Why a terrorist designation is the latest sticking point in US-Iranian talks
Iran’s insistence on rescinding the IRGC’s designation as a foreign terrorist organization (FTO) appears to be the latest major sticking point in the talks, with neither side showing new signs of compromise.
But on Saturday, the Houthis said they were suspending missile and drone strikes on Saudi Arabia for three days as part of a peace initiative they said could be a lasting commitment if the Saudi-led coalition Saudi Arabia halted airstrikes and lifted port restrictions in Yemen.
Iranian Foreign Minister Hossein Amir-Abdollahian appeared to hint at a compromise on Saturday before backtracking. He said in a state television interview that senior IRGC officials had urged him not to delay a nuclear deal over “the IRGC issue”. It would be a “self-sacrifice” that the group is making, he said.
Amir-Abdollahian’s remarks were met with strong reaction in Iranian media. Later he seemed to backtrack, saying “there is no crossing or compromising on red lines [on delisting as an FTO] at all.”
When pressed to do so on Sunday, Malley did not rule out debarment, saying only that sanctions against the group would remain “no matter what happens.”
Some analysts said the terrorist designation had little more than symbolic value for both sides.
The implications of delisting from the IRGC are only symbolic, as sanctions prior to the 2015 deal will continue to stifle the group economically, said Mehran Haghirian, director of regional initiatives at the Exchange & Bazaar Foundation.
“The FTO designation is superfluous,” added Ali Vaez, Iran Project Director for the International Crisis Group. “It doesn’t help the United States, it doesn’t hurt Iran.”
“It’s an absurd non-issue,” he said. “No other entity is as sanctioned by the United States as the IRGC,” he said.
Mohammad Marandi, a professor at the University of Tehran, said the designation is important because it gives the United States a pretext to target the group militarily.
“When the United States and Iran are both present [in the Persian Gulf] and both sides view the other navy as a terrorist organization, so there are no lines of communication, and that could create major problems,” he said.
“The United States assassinated a senior Iranian military official…then for them to keep Iran on a list of terrorist organizations – this is unacceptable to Iran,” Marandi said.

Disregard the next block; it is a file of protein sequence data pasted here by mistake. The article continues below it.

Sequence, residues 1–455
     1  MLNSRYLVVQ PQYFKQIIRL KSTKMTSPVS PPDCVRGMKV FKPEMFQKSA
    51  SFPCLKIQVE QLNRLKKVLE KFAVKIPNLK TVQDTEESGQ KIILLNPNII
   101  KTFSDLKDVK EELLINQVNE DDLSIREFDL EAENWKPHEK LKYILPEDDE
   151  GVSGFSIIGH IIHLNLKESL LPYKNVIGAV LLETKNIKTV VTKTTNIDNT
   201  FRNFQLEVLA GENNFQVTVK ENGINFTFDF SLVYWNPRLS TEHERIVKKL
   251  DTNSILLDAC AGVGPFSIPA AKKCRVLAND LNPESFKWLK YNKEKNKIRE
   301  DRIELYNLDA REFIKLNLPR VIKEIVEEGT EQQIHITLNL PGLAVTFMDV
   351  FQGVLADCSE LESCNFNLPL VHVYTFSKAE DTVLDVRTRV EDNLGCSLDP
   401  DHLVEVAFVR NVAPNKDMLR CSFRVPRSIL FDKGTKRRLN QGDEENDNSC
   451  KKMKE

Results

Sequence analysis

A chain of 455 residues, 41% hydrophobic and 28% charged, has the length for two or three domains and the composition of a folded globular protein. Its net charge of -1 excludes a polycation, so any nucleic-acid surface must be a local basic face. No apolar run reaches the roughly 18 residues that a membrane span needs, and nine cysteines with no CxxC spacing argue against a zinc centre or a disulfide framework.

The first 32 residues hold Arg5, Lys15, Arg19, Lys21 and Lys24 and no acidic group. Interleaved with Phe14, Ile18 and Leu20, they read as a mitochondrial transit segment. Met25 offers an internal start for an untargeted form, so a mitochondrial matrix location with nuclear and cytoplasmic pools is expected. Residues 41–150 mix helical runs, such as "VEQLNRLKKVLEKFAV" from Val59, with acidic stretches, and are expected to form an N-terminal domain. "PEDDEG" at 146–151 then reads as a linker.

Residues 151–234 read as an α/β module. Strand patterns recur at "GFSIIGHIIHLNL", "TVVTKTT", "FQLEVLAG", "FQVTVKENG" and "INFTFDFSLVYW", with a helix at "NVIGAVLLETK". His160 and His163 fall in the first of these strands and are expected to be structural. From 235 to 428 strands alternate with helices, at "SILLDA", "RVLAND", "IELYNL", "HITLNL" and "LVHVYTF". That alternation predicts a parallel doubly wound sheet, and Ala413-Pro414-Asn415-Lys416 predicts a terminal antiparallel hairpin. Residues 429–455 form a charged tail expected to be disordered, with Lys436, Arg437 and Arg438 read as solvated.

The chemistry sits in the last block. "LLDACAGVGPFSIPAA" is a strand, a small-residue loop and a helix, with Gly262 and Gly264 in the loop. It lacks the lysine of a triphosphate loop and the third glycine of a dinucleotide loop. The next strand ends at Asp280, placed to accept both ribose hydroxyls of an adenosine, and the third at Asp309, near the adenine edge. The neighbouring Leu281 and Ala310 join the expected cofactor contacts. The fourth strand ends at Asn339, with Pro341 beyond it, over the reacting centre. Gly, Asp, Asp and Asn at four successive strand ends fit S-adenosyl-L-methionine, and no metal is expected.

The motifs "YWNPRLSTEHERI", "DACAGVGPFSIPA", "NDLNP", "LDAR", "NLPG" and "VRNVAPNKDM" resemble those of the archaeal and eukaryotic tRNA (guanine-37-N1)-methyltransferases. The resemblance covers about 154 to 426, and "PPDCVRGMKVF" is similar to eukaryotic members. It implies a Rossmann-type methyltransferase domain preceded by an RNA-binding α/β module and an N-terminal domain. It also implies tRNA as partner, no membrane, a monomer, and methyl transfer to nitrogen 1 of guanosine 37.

Tehran is unlikely to accept anything other than a complete reversal of the FTO designation, Vaez and Marandi said. “There is no middle ground on the issue,” Vaez added.
Iran realizes that sanctions and the FTO designation are separate issues, the latter a legacy from the Trump era, analysts said. “It was symbolically imposed by Trump,” Haghirian said. “They knew it wouldn’t have much impact.”
The Iranian foreign minister’s comments on state television that later warranted clarification were likely to say that the IRGC “has no problem staying sanctioned – they will do what they have to do”, he said. said Marandi. “The FTO is a different problem.”
With additional reporting by Adam Pourahmadi and Abbas Al Lawati, CNN
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- context: The United Arab Emirates sent confusing messages earlier this month about whether or not it supported higher production when its ambassador in Washington said his country would encourage OPEC to consider higher production. The Department of Energy has since repeatedly stated that it approves of OPEC+ decisions and only acts within them.
- why is it important: The minister’s comment comes days before the OPEC+ group is due to meet on Thursday to discuss renewing an agreement to gradually increase production. Consumer states have called for a faster ramp-up of production to rein in rising prices.
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- why is it important: The attack coincided with a historic regional summit in Israel’s Negev desert, where senior diplomats from the United Arab Emirates, Bahrain, Morocco, Egypt, Israel and the United States met to discuss security issues. It was the first time since June 2017 that ISIS claimed responsibility for an attack in Israel, according to SITE.
What to watch
Turkish presidential spokesman Ibrahim Kalin speaks with Becky Anderson about sticking points between Russia and Ukraine ahead of talks between the warring sides in Istanbul on Tuesday.
Around the region
From leftovers on our plates to an environmentally friendly product. Shrimp shells have found a new destination in organic farming.
In a small laboratory in Giza, Egypt, researchers have found a way to use shrimp to create organic products from their shells.
Every year, the nation throws away thousands of tons of shrimp waste that pollutes the environment. Shrimp is abundant in the country and is the key ingredient in a product that could potentially change the way Egyptians farm.
This ingredient is chitosan, the sugar that comes from the outer skeleton of shellfish.
Shahira Yehia’s biotech startup, Chitosan Egypt, gathers shrimp waste from about five or six local hubs across the country, extracts the chitosan and processes it into unique formulas that can replace man-made synthetic fertilizers that can be harmful to the environment. ‘environment.
It does this by separating the minerals from the shells, drying them and grinding them into an organic product for agriculture.
It works as a natural resource that boosts plant immunity, Yehia said. “It targets more than 70 pests in 20 strategic crops, ranging from potatoes, peppers, tomatoes, strawberries.”
Like many developing countries, the agricultural sector is a significant contributor to gross domestic product in Egypt, accounting for over 11%. Yehia says that in addition to being environmentally friendly, her product is 20% cheaper than what Egyptian farmers are used to.
By Yara Enany, CNN